With spring in full swing it’s a pure pleasure to be out in the garden, though I’d be hard pushed to say when its not nice to be out there doing the gardening thang. This comes from a person who even enjoys to weed. When I saw the first sweet-pea blossom of the year, I knew I had to get the camera out and get my blog head on.
California is a confusing place – not least for plants. It’s been pleasantly warm lately. Not that drilling heat of summer, but the nurturing, come-out-and-play temperature that can see me pottering about looking for excuses to garden (not that one needs an excuse!) But the lack of rain seemed to keep the native plants from bursting into blossom. And the heat is luring the non-natives to early bloom.
Last week I had my sister, brother-in-law and two nephews to stay. In a panic at the lack of bloom in my garden in mid January, I bought few bedding plants to fill out the containers at the backdoor.
These cheeky violas complement the more functional garden fern lettuce (photo taken after I’d harvested today’s dinner) in the neighboring basket.
You can keep planting lettuce through the summer so long as you give it some respite from the hottest sun of the day. Cilantro is a cool season plant and at it’s peak right now. In a few weeks (even days at the current temperatures) it will bolt, but until then it’s on the daily menu.
I must admit to being proud of my garlic. But why so? Garlic grows so easily here and there doesn’t seem to be any pest that eats it, so really is it all that much of an accomplishment?
My new Kiwi vines have burst their buds. Here is Mr Kiwi.
He is growing up and over the arch to meet Mrs Kiwi. Cute, eh? Kiwis need a male plant and a female plant. They are dioecious, which means that each plant has either female reproductive parts or male reproductive parts.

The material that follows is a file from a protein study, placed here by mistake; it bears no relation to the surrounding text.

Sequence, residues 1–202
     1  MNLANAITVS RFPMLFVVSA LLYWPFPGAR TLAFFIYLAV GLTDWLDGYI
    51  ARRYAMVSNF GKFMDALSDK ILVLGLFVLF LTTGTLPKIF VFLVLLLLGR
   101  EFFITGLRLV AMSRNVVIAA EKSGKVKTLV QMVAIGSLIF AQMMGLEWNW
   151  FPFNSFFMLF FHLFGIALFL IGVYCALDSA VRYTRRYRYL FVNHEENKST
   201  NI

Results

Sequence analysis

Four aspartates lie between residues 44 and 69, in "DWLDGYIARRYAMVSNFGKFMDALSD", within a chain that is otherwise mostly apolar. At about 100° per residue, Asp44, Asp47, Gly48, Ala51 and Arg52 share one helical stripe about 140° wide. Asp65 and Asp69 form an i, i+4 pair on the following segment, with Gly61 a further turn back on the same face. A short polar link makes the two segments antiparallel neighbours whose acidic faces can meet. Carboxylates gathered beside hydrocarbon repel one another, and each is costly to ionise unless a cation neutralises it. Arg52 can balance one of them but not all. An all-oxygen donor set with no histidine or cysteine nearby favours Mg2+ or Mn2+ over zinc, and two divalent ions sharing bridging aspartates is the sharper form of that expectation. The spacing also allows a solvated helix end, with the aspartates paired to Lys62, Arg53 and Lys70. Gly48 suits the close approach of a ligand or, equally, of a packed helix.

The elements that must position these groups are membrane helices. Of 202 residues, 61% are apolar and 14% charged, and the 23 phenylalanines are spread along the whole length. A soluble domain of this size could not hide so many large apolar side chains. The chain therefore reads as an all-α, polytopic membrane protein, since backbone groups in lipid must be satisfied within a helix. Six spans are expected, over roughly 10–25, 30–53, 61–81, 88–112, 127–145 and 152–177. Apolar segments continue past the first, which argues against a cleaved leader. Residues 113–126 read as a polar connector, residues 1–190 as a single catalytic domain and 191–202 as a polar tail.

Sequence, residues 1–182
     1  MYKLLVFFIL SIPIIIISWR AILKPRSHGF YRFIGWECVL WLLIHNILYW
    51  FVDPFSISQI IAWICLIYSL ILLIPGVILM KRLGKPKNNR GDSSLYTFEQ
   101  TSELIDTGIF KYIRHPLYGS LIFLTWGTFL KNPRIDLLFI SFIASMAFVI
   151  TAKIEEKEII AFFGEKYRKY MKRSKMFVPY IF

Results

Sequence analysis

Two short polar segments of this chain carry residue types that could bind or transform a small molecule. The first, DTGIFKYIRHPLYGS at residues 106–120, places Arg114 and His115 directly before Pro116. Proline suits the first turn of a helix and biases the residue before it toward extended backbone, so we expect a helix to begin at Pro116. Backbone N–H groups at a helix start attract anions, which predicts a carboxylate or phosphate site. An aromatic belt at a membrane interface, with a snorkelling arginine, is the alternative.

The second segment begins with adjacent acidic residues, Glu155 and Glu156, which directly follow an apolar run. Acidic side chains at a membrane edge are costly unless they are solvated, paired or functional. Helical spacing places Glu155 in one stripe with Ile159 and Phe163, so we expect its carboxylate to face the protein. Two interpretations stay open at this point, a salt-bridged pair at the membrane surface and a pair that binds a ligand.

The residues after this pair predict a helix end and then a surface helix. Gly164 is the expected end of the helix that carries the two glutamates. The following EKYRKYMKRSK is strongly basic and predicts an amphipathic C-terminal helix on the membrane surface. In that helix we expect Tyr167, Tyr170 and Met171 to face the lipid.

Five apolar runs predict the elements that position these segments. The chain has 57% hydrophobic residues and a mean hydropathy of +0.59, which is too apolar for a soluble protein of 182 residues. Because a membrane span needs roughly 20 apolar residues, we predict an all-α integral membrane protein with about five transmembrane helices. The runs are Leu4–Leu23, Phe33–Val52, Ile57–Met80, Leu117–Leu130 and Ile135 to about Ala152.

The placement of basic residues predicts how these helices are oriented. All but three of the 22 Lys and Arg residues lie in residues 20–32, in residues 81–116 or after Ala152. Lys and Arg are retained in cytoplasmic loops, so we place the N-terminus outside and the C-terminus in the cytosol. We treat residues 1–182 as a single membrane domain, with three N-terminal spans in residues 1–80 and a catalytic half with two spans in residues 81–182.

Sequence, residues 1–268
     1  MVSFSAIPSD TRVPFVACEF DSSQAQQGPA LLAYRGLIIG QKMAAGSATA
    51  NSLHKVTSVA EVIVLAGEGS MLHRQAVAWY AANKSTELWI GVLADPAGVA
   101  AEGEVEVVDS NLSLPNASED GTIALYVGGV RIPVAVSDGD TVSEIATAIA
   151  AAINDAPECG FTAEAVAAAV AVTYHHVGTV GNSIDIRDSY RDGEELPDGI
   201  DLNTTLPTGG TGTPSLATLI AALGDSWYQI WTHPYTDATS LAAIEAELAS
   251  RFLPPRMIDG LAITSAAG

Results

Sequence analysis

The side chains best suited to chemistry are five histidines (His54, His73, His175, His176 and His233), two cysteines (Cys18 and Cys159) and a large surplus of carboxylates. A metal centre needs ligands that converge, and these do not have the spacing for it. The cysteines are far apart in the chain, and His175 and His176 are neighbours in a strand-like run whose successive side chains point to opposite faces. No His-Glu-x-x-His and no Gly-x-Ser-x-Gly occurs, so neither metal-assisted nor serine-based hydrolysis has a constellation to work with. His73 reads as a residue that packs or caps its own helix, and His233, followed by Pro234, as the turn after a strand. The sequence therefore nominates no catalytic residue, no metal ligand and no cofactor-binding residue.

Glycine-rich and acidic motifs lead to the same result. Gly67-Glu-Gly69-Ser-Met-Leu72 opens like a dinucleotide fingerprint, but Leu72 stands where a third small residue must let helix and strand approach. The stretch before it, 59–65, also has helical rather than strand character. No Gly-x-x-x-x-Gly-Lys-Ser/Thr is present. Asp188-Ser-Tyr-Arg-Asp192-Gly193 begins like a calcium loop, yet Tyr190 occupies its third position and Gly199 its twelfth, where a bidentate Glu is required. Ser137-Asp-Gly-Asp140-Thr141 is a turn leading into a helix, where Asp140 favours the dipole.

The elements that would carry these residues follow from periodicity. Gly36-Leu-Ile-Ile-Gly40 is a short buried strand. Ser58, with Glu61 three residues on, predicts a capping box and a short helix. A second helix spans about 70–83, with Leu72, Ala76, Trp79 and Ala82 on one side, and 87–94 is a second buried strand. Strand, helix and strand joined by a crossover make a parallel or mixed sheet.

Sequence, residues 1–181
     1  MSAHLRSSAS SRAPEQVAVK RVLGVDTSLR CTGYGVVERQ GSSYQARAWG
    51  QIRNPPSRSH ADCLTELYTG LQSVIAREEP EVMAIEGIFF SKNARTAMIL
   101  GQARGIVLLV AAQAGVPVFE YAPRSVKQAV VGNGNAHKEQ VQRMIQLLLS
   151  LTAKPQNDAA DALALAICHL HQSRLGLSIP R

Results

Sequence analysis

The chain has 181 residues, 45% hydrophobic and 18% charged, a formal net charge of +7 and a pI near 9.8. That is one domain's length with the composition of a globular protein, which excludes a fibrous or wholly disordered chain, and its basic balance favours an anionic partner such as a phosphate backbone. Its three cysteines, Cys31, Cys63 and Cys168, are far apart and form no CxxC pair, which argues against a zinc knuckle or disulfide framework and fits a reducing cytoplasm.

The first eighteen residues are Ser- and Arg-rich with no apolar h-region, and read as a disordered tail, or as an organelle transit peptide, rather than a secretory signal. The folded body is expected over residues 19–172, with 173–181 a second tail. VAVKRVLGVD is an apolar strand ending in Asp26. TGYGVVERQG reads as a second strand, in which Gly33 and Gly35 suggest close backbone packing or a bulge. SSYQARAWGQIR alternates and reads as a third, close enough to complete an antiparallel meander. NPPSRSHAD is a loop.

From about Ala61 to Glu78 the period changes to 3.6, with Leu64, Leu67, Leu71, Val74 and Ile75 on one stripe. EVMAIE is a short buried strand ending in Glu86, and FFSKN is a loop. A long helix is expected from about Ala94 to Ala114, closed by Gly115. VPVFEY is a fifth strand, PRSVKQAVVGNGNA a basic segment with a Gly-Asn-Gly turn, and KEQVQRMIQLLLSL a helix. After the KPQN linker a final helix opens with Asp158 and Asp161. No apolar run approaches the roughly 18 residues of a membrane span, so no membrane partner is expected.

The majority of plants have both male and female parts – usually in the one flower. Like this cherry blossom which quite literally just sprung open today.
I was delighted that the almond (always the first to blossom) had bloomed last week when my sister was here.
The weeping satsuma plum also had one or two pretty flowers to offer.
It’s orange season now in California – the trees are dripping with delicious treats! I’m spoiled for eating oranges from the store. I only eat the home grown ones now which means for much of the year I go without. I remember my Dad telling me what a treat oranges were to them as children in post WW2 Belfast. I can see how that would be when such delicacies are hard to get.
My favorite blossom has to be the nectarine tree.
And how wonderful to stand beneath the plum tree and look up at the blue sky through the blossom. I’d have to wait until May to do this back in Ireland – but it is equally as wonderful – if not more so in the same way as those things which are rare are so much more precious – like the tasty oranges!
Thankfully the native plants are now agreeing that spring has arrived. My dwarf buckeye has leafed out.
The manzanita has popped out a few tiny blossoms, under duress due to lack of rain.
And the cheerful checkerbloom brightens up a corner.
In the pots by the back door one last oriental poppy burst open. They lasted until my sister’s visit and promptly died back, popping back up once she’d left!
The show of daffodils is nearly over – they did stick around for my guests to see. Though the kids were more interested in spotting lizards than blooms! They were great at digging up carrots and picking peas though. Practical , my nephews.
The supporting actors in this pot, pink alyssum, beautifully complement their star – night scented stock.
This container has chives and dill to add a functionality to the dainty violas.
And though small, this exquisitely formed blossom is my pride and joy – rosemary from seed has finally blossomed. And I never realised how beautiful its flowers were.
Last week was wonderful with the family visiting. I will post about the tourist attractions in the South Bay next time. Me – I’m still catching my breath after entertaining a 4 and 6 year old – but I wouldn’t have missed it for the world